STORRS, Conn. — Didn’t it seem odd to you that Melania Trump started to talk about the difficulties she faced as a black woman at Princeton? That’s when I started to feel a little weird about her speech.

I don’t care who you are, that’s funny.

You might recognize “I don’t care who you are, that’s funny” as a line from Larry The Cable Guy because the comic has made it a part of his shtick. The words are widely circulated but still identifiable as Larry’s and Larry’s alone.

What you might not have recognized, however, is that my opening line making fun of the apparent plagiarism in Melania Trump’s speech Monday at the Republican convention, the bit about being a black woman at Princeton, is lifted from a tweet by journalist Michael Crowley.

I stole it, Crowley’s funny comment.

I mean, I could have thought of that idea; I might have thought of that idea. The wee fact that I didn’t think of that idea is surely just a dumb detail, one only the most pedantic and persnickety, jealous and backbiting critic would notice.

Besides, a woman like Trump wouldn’t steal an idea. She would buy it, keep the tags on it and return it if it didn’t work.

Michael Crowley posted his quip on Twitter a few hours after Trump’s speech was being dissected – perhaps the word “vivisected” is more accurate – in the media.

Within minutes of the revelation of the significant and undeniable overlap between Trump’s speech and one delivered by Michelle Obama in 2008, folks were tweeting gleefully.

Improvisational comedian Bob Fisher channeled Donald Trump’s wife, “Melania: ‘These accusations about my speech hurt not only me, but also hurt my children Sasha and Malia,’ ” and comedy writer Emma Kennedy followed with “I’m looking forward to Melania’s next speech. ‘I did not have sexual relations with that woman.’ ”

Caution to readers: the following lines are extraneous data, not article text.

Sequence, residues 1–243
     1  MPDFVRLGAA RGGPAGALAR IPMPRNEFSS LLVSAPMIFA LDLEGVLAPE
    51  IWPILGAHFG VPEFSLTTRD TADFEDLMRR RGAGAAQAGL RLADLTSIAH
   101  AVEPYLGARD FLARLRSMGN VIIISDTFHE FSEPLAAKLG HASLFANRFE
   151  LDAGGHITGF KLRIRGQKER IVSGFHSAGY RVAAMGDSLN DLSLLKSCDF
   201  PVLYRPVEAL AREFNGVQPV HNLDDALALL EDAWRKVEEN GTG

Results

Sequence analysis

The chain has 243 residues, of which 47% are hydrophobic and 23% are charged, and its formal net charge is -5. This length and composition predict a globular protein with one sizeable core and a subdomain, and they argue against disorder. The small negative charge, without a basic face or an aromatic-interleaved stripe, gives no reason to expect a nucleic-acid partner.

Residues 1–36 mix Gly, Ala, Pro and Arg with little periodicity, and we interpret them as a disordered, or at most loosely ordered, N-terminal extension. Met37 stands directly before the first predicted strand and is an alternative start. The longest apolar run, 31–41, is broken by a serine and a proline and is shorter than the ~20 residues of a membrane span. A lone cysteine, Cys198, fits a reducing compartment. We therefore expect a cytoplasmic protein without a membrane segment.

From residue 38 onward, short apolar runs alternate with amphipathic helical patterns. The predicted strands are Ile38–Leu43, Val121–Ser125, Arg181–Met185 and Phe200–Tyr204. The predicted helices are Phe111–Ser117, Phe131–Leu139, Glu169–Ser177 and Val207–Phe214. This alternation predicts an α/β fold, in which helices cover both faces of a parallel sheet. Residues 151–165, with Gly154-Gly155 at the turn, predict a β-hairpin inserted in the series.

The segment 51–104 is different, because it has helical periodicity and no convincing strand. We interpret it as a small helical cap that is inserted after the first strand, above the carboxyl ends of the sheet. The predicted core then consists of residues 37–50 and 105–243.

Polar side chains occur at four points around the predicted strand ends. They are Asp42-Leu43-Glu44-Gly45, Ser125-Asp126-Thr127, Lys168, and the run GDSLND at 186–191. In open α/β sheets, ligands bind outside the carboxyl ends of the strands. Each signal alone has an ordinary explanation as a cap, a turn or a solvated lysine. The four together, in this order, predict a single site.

I could have said I invented those funny comments, too, but in addition to respecting the intelligence of my audience, I’m aware that you are savvy enough to look stuff up.

It’s not hard to discover if material is plagiarized. As a professor, I’m forced to do it on occasion, and I suggest to the junior colleagues I mentor (whose students understand less about the implications of the theft of intellectual property) that they do it regularly, or at least until both they and their students are fluent in what constitutes original work.

As one of my former students, Chad Stanley, now a professor at Wilkes College in Pennsylvania, declared, “All subsequent campaign communications must be submitted to Turnitin.”

Turnitin is one of several websites where teachers – or anyone – can submit passages and papers to have them reviewed for examples of plagiarism. Such sites go beyond literary theft, and can help everyone learn to identify the 10 types of plagiarism. (I stole that description from their website.)

There are hundreds of other websites offering similar services. Every educator I asked, from junior high school teachers to university administrators, agreed that a student who swiped as much text as Melania Trump would be expelled or, at the very least, put on double secret probation.

Donald Trump doesn’t seem to care. I suppose plagiarism doesn’t matter at Trump University (which is where I assume Melania Trump’s son Barron will be educated, since she wants only the best for the next generation). Donald Trump tweeted that his wife’s “speech and demeanor were absolutely incredible.”

Of course he said that. When NBC’s Matt Lauer interviewed the Trumps, Melania said she wrote the speech herself with very little help.

Several friends believe it was either an act of sabotage or a publicity stunt. Both these scenarios distance Melania Trump from personal responsibility for the words coming out of her mouth. Here’s what my friends said: “The poor thing only does what she’s told”; “They want to keep the media focused on Melania and it’s been effective”; “Donald hired somebody who deliberately undermined him.”

Does it matter? The practice of taking something that is not your own and passing it off as yours should not be rewarded with anything except shame. That’s a lesson worth copying out. (I plagiarized that from an article I wrote a few years back. You can look it up.)